Books or babies? It’s a choice that has presented itself to women writers for centuries. And it was a favourite theme of Ursula K. Le Guin who struggled, successfully, to balance the two. In her lecture, “The Fisherwoman’s Daughter”, published in 1988, she takes an optimistic view. “The Victorian script calls for a clear choice — either books or babies for a woman, but not both.” She chose both. She had had, in her own words, “three kids and written about 20 books, and thank God it wasn’t the other way round”.
This was a joke I often used to make in my own ever-evolving lecture about women and writing. I used to say, “I wrote my first three novels while expecting my first three babies,” and would then outline the challenge I had writing my fourth novel without being pregnant. Eventually, I got tired of this attempted witticism and dropped it, but it did no more than record a fact. Men might have thought it an impertinent fact, but it meant a lot to me, as pregnancy and childbirth seemed so intimately connected with my career and writing life.
In her lecture, Le Guin discusses an episode in my third novel, The Millstone, in which the narrator, Rosamund, describes how her baby has chewed up quite a lot of her flatmate’s novel-in-progress. Le Guin makes the point that the tone of this scene is comic and accepting rather than bitter or tragic. Both women survive it without acrimony: babies do eat books, and, as she says, and it is terrible, “but not very terrible”, because a book can be Sellotaped together again. And the babies “are only babies for a couple of years, while writers lived for decades”. I loved that description; she keenly understood the minor hazards of the writing mother’s life, the interweaving of books and babies.
I so well remember the birth of my son Joe in 1965: as I lay in bed with this very new baby I received a proof of The Millstone’s enchanting dust jacket by Quentin Blake. The two events are closely linked in my memory and will ever remain so. No choices, no contradictions there.
And yet. And yet. During the Sixties and Seventies, my speeches about Women and the Novel often included long lists of female predecessors who had had no children, and who did indeed seem to “sublimate” their creative activity into writing (partly because no other professions were open to them): Jane Austen, George Eliot, the Brontes, Dorothy Richardson, Willa Cather, Katherine Mansfield, Virginia Woolf (whose 1931 talk on “Professions for Women” gave Le Guin her eponymous fisherwoman’s daughter). My interest here was largely sociological. I was interested in pointing out the changing demographic of women writers, as authors such as Fay Weldon, Nell Dunn, Margaret Forster and I began to emerge in the Sixties.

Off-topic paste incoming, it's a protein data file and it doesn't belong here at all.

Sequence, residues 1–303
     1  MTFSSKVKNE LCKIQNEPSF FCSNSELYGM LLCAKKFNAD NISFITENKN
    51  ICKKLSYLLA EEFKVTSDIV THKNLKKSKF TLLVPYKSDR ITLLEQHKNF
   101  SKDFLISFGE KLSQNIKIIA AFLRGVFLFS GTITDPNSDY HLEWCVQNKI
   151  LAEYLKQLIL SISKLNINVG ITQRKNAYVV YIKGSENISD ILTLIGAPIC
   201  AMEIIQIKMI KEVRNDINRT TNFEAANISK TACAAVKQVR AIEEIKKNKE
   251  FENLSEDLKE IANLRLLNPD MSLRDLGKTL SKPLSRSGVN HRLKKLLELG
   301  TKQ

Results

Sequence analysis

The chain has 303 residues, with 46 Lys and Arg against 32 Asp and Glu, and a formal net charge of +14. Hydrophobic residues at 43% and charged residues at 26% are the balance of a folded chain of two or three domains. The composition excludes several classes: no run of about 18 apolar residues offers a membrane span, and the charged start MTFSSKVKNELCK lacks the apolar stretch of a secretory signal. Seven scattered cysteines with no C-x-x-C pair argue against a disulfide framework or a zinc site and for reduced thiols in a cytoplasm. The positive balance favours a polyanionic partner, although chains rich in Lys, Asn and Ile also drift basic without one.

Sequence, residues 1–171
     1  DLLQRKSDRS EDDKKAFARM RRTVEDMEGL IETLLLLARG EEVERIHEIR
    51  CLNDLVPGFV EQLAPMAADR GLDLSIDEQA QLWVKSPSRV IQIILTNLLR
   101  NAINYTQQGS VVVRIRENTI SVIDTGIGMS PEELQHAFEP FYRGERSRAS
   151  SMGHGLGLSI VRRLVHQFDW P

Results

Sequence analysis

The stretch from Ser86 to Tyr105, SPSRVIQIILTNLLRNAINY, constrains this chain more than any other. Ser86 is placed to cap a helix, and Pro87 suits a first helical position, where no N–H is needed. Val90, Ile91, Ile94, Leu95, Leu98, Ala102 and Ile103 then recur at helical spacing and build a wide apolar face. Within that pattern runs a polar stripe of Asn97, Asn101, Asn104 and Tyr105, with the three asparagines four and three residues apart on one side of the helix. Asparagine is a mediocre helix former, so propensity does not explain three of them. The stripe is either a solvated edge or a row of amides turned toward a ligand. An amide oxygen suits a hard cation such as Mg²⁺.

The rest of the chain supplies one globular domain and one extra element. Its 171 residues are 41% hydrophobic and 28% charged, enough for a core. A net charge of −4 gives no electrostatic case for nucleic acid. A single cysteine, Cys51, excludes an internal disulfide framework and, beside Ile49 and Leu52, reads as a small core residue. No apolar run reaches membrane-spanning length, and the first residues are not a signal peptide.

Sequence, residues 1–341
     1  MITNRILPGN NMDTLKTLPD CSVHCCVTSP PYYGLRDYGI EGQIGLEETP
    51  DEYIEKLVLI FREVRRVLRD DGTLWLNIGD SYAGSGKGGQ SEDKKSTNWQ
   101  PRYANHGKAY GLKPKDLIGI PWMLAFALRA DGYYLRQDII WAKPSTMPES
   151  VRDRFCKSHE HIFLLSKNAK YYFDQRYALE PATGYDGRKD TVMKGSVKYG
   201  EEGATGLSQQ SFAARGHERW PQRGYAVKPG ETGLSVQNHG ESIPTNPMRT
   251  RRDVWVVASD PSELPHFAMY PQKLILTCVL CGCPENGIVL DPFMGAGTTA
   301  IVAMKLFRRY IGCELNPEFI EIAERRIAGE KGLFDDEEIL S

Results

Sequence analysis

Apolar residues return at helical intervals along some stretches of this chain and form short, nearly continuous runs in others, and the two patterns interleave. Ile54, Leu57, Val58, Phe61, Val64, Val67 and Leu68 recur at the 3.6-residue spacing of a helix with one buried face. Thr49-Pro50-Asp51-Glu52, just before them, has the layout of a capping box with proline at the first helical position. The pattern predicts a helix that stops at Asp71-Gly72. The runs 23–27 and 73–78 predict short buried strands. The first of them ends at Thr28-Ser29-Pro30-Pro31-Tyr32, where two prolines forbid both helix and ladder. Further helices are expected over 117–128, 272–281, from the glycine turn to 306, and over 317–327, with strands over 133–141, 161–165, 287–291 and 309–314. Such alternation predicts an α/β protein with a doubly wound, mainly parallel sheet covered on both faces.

I, like Le Guin, sought for women in history who wrote about domestic experience. I was particularly pleased when I found, in Elizabeth Gaskell’s letters, advice to a correspondent asking how best to organise her time if she wished to become a professional writer. Gaskell, who raised four children and lost two, replies that it is very useful to soak the washing overnight, as this lessens the time spent in the morning. In that moment she felt very close, as though she lived in the same world as I did, though I assume she had servants to help her.
Another successful writer who appealed was George Sand, immensely prolific, sexually adventurous, and a loving mother: she said that of the three main components of her life, she put her children first, her books second, and her lovers third. That seemed to me an admirable attitude. She didn’t go in for self-restraint, but she had her priorities.
In her lecture, Le Guin quotes extensively from Tillie Olsen’s influential study of marginalised writers, Silences, which I had not read until The Fisherwoman’s Daughter prompted me. I had been afraid it would silence me. I assumed its thesis was that women had been largely silenced by domesticity, a thesis that I obscurely but strongly felt would have negated my life’s endeavour. I feared that if I were to read that I had been silenced, I would be tempted to become silent.
Perhaps it illustrates how precarious my sense of self was, how lacking I was in what some might call ontological security. I suspected, quite wrongly, that Olsen took an adversarial view of literature — men triumphant and oppressive, women passive and oppressed. I had assumed that she shared the aggressive views of some of the early feminist critics of that period, whom I found disturbing — Kate Millett on the patriarchy and the faults of the family in Sexual Politics and Shulamith Firestone, who memorably and to me offensively compared childbirth to “shitting a pumpkin”. I didn’t want to be part of that ill-tempered debate, and I had thought Olsen might drag me into it.